In Liberia, the leader of the opposition Liberty Party says he is not being courted by Vice President Joseph Boakai as a possible running mate in the 2017 presidential election.
Boakai was nominated this month by the ruling Unity Party to succeed President Ellen Johnson Sirleaf.
Brumskine wants Unity Party power to end
The Liberty Party's Charles Brumskine, who competed and lost the last two presidential elections, says he and other opposition parties look forward to changing the leadership of Liberia from the Unity Party to an opposition party, hopefully his party. Brumskine says he’s willing to work with other parties to come up with a united ticket against the ruling party.
“There’s no way that as an opposition political party we will be associated with the ruling party in the 2017 election. It’s simply rumors, and as has been in the past, the tactics of the Unity Party trying to distract the voters from the real issues. Let me make unequivocally clear, we’re not associated with the ruling party; we’re not going to run on the same ticket. We look forward to changing leadership from the ruling party to an opposition party, hopefully led by the Liberty Party,” he said.
It had also been rumored that Brumskine would team up with Liberian football legend George Weah’s Congress for Democratic Change.
Both Weah and Brumskine contested the 2005 and 2011 presidential elections individually and lost to President Sirleaf.
Brumskine will cooperate with other parties
Brumskine says he’s willing to put aside his own presidential aspiration to work with other parties to come up with a united ticket against the ruling party.
“We hope very much that we will be able to build an opposition coalition to oppose the ruling party,” Brumskine said.
He said he first proposed this opposition coalition at his party’s special convention in the city of Voinjama a year ago.
"I put forth an olive branch to all opposition parties. I said to them let us follow the example of Nigeria and let us get together, sit in a room. I’m prepared to walk out of that room, not having my personal goals accomplished as long as we come out with a ticket that the Liberian people will respect, will vote for to ensure that Unity Party does not perpetuate itself in power,” Brumskine said.
Brumskine blames himself for losing previous elections
Brumskine said he lost the elections of 2005 and 2011 because he did not effectively articulate what his party stands for.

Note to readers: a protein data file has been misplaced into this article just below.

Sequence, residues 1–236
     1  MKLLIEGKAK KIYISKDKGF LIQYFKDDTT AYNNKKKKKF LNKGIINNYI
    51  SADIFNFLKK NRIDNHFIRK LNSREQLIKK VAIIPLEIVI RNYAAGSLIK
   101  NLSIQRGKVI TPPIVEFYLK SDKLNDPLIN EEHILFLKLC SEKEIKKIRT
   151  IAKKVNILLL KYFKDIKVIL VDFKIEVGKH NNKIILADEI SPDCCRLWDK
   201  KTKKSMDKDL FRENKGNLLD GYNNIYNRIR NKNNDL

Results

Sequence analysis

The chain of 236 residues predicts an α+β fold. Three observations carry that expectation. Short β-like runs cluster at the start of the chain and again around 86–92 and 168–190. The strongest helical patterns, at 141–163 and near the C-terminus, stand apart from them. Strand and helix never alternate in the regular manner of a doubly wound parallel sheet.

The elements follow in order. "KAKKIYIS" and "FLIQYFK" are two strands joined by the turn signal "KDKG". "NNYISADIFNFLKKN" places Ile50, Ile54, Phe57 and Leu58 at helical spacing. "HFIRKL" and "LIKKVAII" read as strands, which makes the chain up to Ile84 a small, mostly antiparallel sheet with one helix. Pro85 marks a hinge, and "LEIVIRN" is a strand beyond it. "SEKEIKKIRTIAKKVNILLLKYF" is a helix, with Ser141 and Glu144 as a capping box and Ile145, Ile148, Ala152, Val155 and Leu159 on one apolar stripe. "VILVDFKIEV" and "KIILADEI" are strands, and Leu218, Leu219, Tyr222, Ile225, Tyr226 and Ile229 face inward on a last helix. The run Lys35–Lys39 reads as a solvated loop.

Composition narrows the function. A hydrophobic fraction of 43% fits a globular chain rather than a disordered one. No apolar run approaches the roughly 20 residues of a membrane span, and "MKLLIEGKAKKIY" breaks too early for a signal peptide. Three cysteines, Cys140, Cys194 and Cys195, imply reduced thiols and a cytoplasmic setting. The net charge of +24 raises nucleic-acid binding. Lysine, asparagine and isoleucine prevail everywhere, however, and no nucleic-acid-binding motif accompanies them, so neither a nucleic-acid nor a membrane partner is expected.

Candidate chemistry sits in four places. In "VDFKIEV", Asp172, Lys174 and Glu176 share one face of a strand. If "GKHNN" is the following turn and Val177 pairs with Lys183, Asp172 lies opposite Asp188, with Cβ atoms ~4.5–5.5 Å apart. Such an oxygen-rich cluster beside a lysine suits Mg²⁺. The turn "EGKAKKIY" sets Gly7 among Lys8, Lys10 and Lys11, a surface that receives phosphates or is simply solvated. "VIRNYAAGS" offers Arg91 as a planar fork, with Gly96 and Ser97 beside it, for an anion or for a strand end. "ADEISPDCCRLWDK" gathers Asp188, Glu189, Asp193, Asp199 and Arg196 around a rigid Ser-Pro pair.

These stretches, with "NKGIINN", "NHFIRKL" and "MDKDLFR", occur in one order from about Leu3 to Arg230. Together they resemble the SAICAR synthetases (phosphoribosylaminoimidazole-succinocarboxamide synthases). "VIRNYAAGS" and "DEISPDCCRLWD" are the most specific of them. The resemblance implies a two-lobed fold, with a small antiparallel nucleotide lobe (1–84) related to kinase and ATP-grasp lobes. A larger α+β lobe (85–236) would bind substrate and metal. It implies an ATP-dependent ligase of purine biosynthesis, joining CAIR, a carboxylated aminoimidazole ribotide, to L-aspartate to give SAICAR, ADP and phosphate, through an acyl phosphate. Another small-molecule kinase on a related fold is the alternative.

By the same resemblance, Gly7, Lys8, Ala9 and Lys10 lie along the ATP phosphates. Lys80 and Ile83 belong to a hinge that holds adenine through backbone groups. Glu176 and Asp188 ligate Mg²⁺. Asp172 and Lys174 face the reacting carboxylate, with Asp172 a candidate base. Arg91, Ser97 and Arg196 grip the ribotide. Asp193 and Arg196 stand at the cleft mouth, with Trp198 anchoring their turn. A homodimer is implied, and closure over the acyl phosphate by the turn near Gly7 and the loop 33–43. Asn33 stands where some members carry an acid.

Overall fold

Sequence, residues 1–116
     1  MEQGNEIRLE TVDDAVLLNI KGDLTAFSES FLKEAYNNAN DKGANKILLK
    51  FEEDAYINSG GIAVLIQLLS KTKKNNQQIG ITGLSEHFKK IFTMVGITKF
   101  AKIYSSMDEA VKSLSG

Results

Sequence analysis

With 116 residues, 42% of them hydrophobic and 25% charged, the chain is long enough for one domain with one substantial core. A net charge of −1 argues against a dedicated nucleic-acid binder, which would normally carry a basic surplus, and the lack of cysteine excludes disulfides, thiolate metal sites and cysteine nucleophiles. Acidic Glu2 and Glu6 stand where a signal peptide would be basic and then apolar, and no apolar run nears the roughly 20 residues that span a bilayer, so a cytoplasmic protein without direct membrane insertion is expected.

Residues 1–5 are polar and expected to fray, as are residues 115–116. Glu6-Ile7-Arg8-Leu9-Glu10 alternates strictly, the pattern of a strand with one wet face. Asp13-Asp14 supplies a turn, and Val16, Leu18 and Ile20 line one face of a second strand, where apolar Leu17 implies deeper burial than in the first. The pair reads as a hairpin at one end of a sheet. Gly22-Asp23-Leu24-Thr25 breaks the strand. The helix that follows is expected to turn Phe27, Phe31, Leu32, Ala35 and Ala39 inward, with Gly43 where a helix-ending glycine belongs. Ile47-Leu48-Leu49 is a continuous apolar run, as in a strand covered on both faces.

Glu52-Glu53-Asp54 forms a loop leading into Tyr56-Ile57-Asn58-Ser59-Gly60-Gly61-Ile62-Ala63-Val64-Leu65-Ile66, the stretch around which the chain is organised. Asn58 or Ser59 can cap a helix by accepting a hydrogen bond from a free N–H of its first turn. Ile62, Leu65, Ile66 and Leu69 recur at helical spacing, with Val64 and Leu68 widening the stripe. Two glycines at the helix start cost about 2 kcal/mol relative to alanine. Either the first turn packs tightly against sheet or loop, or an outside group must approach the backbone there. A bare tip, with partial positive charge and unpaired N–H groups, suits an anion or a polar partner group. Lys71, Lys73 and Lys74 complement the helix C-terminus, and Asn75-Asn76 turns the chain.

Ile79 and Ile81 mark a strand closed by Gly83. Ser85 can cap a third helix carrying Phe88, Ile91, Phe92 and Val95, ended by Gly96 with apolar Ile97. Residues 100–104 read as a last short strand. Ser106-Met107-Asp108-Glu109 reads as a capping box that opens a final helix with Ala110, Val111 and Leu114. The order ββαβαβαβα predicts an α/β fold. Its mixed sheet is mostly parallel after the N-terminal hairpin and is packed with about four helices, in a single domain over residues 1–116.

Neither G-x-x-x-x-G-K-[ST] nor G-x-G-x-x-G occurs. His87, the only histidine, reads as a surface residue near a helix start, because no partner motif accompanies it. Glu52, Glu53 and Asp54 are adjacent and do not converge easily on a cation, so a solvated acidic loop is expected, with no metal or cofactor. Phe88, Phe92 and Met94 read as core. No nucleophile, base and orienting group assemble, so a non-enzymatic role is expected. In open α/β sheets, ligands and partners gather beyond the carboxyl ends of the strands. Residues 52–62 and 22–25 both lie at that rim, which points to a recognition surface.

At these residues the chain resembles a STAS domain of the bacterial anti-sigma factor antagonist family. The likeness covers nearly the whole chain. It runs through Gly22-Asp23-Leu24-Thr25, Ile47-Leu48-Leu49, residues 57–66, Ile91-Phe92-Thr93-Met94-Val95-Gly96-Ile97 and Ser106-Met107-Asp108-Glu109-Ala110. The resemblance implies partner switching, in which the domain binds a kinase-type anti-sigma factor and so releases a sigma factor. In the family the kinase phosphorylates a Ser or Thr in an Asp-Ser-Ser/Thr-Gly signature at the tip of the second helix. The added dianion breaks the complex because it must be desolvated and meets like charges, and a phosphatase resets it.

“The failure of Liberty Party the last two times around I attribute to myself because we have, as a political party, the best national agenda, the best vision for our country. I have not effectively communicated it to the Liberian people over the past two elections,” Brumskine said.
He said the party’s platform is based on four strategic principles called the 4Rs – reconciliation, reform, rebuild, and recovery.
“Everything we want to do to change the direction of this country and for the good of our people and to build on the foundation that President Sirleaf has laid will be found in one of the 4Rs,” he said.
Corruption in Liberia must end
Brumskine said he does not want to politicize the Global Witness corruption report. But he hopes the investigation will go further to include past General Auditing Commission reports that are not currently being investigated by the Anti-Corruption Commission or prosecuted by the Justice Ministry.
“My suggestion, however it will be, that the fight against corruption does stop with the Global Witness report. As you know, corruption deprives the average Liberian of the schools they should have for their children. So, we must all join in the fight against corruption and make sure that we move this country to different level,” he said.
The London-based Global Witness alleged in a report released in May this is year that over $950,000 in bribes and other suspicious payments were made to top Liberian officials by the Britain-based Sable Mining company and its Liberian lawyer, Varney Sherman.
According to the report, Sable Mining wanted to get the concession rights to Liberia’s Wologizi Iron ore. Sherman allegedly told the company that in order to get the contract, Sable Mining must first offer bribes to senior officials to change Liberia’s concession laws.
Sherman and former Speaker of the Liberian Legislature Alex Tyler have both been indicted and are awaiting trial.